CITRIS Health Innovation Intensive 2024

Our inaugural cohort of eight German participants attended the CITRIS and the Banatao Institute‘s Health Innovation Intensive in the Bay Area to learn all about cutting-edge health, tech and innovation. From Monday, March 4 to Friday, March 8, they visited the University of California, Berkeley, University of California, Santa Cruz, University of California, Merced, and University of California, Davis to take part in discussions and panels on topics ranging from assistive tech, nutrition, AI, robotics, and community health.

We were delighted to select Aurel Hampl, Romina Frenzel, Mostafa Elgayar. Johann Lieberwirth, Maximilian Purk, Stefan Krautschneider, Tobias Röddiger, and Vlad Mardare to join the program. Their professional backgrounds are diverse and range from the natural sciences and engineering to medicine and business. The institutions that they represent include the Hasso-Platner Institute in Berlin, the University of Cologne, Karlsruhe Institute of Technology, and Jade University of Applied Science in Oldenburg.

The five-day program included a dive deep into a signature CITRIS research area through immersive visits to all four CITRIS campuses, conversations with top faculty, interactive experiences with advanced technology, and networking opportunities with a cohort from different countries. Participants also had the chance to refine their pitching and presentation skills at the Skydeck, UC Berkeley’s startup accelerator.

The week was undoubtedly packed for our participants. On the first day, the cohort was welcomed to the CITRIS Health with David Lindeman and Gale Berkowitz, followed by Irene Chen and Camille Crittenden on AI and Health, and Susan Jenkins at Bakar BioEnginuity Hub. To give them a taste into alternative foods, they had a lunch panel featuring alternative meat companies started by U.C. alumni including Black Sheep, Fulfilled Foods, Impact Food,  and Sundial foods.

On Tuesday, the group traveled to UC Santa Cruz, where they heard from experts on wound care to imaging to assistive tech for people with visual impairments. On Wednesday, the cohort traveled to the University of California, Merced. During the bus ride, participants benefited from startup mentoring with Walt Cecka, Jon Baer, Anne Cocquyt, and James Robinson.  These mentors were generous and insightful and have deep health tech expertise and a track record of successfully coaching many startups.

The cohort learned about the Central Valley of California’s important role in food production and challenges and gaps in health care in the valley, especially for those engaged in farm work in remote areas. Afterwards, they listened to Asa Bradman and Rosa D. Manzo address health research and innovation for agricultural communities and vulnerable populations. Switching to population level health issues, the cohort explored emerging technology for human health and water systems. After a lunch break, they explored drone applications in health – from last mile delivery to promoting a safer workforce. The day concluded with a hands-on drone obstacle course and a photo from a drone.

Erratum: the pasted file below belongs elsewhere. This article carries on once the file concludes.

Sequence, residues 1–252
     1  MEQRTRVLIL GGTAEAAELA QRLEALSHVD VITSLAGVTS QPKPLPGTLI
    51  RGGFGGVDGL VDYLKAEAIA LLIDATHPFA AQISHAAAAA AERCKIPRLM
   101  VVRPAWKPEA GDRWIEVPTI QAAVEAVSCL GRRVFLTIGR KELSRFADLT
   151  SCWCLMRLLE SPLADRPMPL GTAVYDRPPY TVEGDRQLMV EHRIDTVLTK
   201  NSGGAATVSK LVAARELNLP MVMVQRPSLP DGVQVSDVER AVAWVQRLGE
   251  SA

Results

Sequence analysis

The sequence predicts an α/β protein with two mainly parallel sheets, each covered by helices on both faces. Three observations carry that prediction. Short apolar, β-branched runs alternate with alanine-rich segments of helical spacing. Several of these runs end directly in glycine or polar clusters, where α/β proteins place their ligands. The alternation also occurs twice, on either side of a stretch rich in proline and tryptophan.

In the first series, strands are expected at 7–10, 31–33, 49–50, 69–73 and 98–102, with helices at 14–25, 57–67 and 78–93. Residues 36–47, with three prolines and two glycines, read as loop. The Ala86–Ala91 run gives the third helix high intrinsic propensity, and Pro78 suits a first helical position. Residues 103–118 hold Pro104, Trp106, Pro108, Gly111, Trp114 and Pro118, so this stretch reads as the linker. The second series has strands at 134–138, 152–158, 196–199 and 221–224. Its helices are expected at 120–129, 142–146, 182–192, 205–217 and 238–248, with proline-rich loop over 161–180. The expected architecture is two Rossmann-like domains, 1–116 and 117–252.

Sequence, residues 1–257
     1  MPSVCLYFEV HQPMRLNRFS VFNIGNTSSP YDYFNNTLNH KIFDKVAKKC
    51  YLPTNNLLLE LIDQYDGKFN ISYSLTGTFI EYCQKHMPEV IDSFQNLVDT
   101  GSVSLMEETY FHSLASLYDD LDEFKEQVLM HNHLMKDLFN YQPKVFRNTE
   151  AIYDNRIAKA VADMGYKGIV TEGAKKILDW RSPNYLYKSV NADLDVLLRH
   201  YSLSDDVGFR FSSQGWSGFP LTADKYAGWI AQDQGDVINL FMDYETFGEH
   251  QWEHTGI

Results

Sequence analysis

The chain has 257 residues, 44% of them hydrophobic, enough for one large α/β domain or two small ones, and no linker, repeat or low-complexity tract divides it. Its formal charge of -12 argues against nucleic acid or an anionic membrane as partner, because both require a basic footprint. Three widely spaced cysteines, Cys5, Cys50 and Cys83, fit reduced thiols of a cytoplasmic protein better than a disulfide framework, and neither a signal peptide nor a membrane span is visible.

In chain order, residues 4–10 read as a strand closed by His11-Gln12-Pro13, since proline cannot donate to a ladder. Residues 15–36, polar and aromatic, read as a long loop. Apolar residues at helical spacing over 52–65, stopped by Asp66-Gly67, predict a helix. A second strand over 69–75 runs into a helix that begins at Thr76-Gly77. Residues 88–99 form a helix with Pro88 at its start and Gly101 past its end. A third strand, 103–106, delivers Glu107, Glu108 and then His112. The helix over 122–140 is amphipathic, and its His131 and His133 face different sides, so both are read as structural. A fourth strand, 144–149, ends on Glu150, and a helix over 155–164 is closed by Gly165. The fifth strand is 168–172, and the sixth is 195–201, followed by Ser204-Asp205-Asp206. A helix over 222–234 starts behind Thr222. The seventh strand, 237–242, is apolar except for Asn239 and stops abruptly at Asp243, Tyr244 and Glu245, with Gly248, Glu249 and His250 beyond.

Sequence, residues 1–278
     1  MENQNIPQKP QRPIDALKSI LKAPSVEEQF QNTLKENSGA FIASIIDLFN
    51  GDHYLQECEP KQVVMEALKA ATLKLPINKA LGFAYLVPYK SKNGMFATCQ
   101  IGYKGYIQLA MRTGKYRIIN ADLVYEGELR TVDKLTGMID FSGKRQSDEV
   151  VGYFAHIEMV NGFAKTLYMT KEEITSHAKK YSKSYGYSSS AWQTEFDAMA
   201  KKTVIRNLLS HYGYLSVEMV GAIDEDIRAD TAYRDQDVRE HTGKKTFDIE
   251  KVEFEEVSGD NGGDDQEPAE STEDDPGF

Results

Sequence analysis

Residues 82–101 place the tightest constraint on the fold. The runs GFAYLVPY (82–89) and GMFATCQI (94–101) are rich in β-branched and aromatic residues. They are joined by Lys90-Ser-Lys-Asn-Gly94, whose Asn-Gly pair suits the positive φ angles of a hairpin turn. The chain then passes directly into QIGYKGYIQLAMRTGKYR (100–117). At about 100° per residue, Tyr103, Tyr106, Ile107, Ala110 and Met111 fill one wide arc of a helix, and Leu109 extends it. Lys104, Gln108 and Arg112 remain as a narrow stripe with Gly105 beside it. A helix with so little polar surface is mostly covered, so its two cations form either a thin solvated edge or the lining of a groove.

Following a packed day of activities, the DWIH also held an evening networking and meet-and-greet with our participants at Jupiter Restaurant in Berkeley. We brought in German researchers from the GAIN Network living in the Bay Area to meet our cohort and explain how they stay connected to the German research and innovation ecosystem.

On Thursday, the cohort went to UC Davis, where they learned about the Corsi–Rosenthal Box design for a do-it-yourself air purifier that can be built comparatively inexpensively. During the Air Quality & Health Panel, Michele Barbato, Richard Corsi, and Angela Haczku talked about the harms of inhaling fine particulate matter and the challenges of equitably ensuring better indoor and outdoor air quality for human health.

Overall, our participants left with a positive impression of the program and inspiration as they continue to structure their entrepreneurial ideas. According to one participant: “[The program] really helped me a lot structuring and planning an idea through to a possible business plan and startup as a researcher who is not trained in entrepreneurship so far.” Another wrote: “If I look back, my biggest takeaway from this day was understanding CITRIS as well as the whole innovation ecosystem.” Looking to the future, the hope of this program is that the lessons instilled, and connections made foster health innovations that prioritize social equity and access, ensuring the benefits of technology reach all corners of society. Moreover, the program aimed to help participants cultivate an entrepreneurial mindset as they experience first-hand the unique innovative ecosystem of the greater Bay Area.

We are appreciative of the Hasso Plattner Institute, University of Cologne and Karlsruhe Institute of Technology for helping to promote this program and for supporting the travel costs of their participants in the program. We also credit Jill Finlayson for the detailed synopsis of the program in this article and for management of the intensive. DWIH San Francisco will sponsor a similar program in the autumn with CITRIS on the topic of climate. Applications will open in the summer.

Photo Credits: Jill Finlayson, CITRIS at University of California, Mostafa Elgayer, Stefan Krautschneider.